Welcome to the third blog in a series about the DOE’s Roadmap for Emerging Technologies and its potential impact on the future of the fenestration industry. In case you missed the first two, you can find them here:

As discussed in my last blog, the DOE’s Building Technology Office (BTO) has outlined a three-phase approach to achieving aggressive 50-percent reductions in residential and commercial buildings energy demand by the year 2030. The phases include: 1. Research and Development; 2. Market Stimulation; 3. Codes and Standards. Fenestration will be a major focus.

Today, we’ll dive a little deeper into the Codes and Standards phase.

Locking in the Savings

According to the Building Energy Codes home page, 75 percent of U.S. buildings will be new or renovated by 2035 – and building codes will ensure they use energy wisely.

They’ve already been on a path toward greater efficiency as evidenced by these stats taken from the May 2014 Building Energy Codes Fact Sheet:

  • Today’s energy codes are providing savings of more than 30 percent compared to codes of less than one decade ago;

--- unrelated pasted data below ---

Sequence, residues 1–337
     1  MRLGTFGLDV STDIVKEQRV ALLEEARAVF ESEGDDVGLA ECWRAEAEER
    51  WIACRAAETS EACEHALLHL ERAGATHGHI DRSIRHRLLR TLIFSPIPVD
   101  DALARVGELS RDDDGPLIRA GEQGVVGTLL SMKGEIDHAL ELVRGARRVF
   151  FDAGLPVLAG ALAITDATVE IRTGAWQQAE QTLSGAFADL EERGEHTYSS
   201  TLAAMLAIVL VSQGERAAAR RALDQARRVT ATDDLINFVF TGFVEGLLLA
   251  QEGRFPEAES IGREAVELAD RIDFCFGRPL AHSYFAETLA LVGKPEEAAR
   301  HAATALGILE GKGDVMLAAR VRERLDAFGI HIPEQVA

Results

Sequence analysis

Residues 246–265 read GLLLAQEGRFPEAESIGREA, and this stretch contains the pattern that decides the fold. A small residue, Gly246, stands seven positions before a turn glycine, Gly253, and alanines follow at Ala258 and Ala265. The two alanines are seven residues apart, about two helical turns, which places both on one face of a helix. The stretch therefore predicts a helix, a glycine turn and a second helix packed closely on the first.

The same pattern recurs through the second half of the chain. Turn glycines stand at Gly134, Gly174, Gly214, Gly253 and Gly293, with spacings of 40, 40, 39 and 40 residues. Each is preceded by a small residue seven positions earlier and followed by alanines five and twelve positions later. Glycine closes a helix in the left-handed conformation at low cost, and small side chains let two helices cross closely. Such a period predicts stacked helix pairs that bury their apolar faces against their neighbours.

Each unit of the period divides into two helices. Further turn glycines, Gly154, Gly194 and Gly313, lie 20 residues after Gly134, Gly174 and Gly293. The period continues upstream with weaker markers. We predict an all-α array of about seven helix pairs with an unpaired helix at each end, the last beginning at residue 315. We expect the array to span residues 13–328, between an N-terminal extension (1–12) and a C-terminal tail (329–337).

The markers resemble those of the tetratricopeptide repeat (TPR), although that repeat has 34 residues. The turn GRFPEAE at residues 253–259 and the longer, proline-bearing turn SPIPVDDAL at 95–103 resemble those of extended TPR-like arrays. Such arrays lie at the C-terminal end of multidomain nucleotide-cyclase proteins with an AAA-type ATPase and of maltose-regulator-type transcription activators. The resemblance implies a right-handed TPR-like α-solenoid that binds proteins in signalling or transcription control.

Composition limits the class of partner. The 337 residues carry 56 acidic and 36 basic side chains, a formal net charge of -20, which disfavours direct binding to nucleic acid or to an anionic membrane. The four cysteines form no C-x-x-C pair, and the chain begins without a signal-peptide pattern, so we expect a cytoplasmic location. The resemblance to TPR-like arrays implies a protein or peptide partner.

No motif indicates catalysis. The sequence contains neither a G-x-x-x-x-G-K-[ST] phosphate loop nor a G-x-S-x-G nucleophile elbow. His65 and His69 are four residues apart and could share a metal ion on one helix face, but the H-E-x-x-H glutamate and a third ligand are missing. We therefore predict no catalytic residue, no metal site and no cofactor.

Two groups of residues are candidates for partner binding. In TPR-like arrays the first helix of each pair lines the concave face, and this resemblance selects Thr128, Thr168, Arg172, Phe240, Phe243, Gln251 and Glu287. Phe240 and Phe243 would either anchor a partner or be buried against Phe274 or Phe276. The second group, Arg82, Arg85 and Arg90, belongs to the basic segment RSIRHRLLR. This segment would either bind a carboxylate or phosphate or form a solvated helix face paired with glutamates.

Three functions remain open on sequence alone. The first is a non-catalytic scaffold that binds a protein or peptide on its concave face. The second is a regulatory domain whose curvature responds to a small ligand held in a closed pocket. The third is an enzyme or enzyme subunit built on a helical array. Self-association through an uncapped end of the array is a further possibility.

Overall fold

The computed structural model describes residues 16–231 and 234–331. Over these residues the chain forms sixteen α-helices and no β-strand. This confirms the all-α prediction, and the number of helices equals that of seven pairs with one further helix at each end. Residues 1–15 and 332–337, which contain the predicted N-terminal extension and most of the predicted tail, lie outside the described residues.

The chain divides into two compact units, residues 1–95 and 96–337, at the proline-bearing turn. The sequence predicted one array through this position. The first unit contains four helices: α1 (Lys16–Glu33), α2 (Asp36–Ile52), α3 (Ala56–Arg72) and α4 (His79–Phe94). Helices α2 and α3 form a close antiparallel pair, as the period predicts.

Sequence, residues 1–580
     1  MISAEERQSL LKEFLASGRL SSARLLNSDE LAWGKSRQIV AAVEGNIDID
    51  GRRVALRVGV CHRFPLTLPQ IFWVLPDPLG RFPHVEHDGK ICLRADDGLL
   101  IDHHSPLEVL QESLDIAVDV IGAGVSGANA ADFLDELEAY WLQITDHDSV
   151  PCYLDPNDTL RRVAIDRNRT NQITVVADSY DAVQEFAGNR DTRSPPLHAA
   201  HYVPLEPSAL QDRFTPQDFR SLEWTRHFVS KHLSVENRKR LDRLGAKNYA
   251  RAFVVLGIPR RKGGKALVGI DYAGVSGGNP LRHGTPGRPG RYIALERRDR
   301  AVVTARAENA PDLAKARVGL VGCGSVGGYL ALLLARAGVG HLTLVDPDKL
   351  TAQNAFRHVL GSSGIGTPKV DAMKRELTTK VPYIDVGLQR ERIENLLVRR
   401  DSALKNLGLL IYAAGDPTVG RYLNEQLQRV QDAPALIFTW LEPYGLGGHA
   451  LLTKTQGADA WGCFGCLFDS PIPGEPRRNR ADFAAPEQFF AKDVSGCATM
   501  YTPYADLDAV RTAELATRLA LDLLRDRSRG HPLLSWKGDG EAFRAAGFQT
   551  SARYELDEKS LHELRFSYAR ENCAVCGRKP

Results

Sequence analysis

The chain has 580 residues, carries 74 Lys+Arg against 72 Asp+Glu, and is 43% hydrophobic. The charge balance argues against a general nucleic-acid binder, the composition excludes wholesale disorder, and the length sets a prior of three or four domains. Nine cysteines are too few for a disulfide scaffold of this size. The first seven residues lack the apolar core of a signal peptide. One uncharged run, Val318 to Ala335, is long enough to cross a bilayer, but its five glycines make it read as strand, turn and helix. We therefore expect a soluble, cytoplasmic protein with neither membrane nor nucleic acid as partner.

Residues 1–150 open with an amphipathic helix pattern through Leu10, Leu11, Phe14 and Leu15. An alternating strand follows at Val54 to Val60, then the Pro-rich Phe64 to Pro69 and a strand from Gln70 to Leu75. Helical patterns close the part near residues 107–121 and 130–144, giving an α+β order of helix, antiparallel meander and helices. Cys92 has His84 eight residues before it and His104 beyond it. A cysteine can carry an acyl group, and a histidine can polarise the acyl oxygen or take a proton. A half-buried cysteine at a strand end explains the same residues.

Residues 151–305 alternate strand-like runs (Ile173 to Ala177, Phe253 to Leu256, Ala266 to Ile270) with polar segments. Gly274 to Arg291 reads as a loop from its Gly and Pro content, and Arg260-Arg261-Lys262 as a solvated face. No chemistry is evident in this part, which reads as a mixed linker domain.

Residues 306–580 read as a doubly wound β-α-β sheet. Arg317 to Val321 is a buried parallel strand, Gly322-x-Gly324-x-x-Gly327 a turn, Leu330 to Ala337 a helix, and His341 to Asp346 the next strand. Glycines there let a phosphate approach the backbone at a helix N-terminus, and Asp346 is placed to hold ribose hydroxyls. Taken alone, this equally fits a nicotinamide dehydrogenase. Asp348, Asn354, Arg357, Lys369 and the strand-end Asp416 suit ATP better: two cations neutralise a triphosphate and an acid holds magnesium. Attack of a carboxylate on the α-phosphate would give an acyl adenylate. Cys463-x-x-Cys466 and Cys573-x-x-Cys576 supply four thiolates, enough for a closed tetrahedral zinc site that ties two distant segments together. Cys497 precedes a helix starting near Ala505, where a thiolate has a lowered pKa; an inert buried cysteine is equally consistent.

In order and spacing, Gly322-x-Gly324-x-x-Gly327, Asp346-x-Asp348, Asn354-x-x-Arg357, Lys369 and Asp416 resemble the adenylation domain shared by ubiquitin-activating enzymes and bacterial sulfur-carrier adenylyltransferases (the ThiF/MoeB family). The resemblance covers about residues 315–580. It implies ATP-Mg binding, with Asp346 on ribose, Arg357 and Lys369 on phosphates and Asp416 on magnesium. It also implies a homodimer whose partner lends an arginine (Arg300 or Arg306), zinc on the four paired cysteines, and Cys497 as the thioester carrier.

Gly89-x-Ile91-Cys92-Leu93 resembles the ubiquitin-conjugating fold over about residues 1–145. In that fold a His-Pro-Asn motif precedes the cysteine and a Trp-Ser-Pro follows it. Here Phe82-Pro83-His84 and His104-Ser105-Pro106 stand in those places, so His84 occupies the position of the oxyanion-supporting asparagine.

• Energy cost savings to consumers from building energy codes are estimated at about $5 billion annually as of 2012, and total about 4 quads cumulatively, with more than $44 billion in cost savings since 1992; and
  • Annual carbon savings reached 36 million tons in 2012 with about 300 million tons cumulatively since 1992.

But the DOE realizes to achieve its energy efficiency goals it will not be enough to just create awareness and demonstrate new technologies. Building codes must be enforced to “lock in the savings.” According to the Roadmap for Emerging Technologies, the DOE’s statutory directives include:

  • Supporting the adoption of economically justified energy-efficient measures; and
  • Providing state-level technical assistance to increase and verify compliance.

In short, with the stricter rules will come stricter enforcement. The DOE recently opened a Funding Opportunity Announcement (FOA) DE-FOA-0000953 for $6 million to develop strategies to increase residential energy code compliance rates and measure results. For more information, check out the transcripts from the DOE’s webinar, Strategies to Increase Residential Energy Code Compliance Rates and Measure Results.

The view from here is that this will put more pressure on building components to change and improve in terms of energy efficiency over the next 15 years. In turn, our industry can expect greater demand for more efficient products – and greater opportunities for growth.

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What do you think fenestration technologies will look like in 2030? Leave a comment here or email me directly at eric.jackson@quanex.com.

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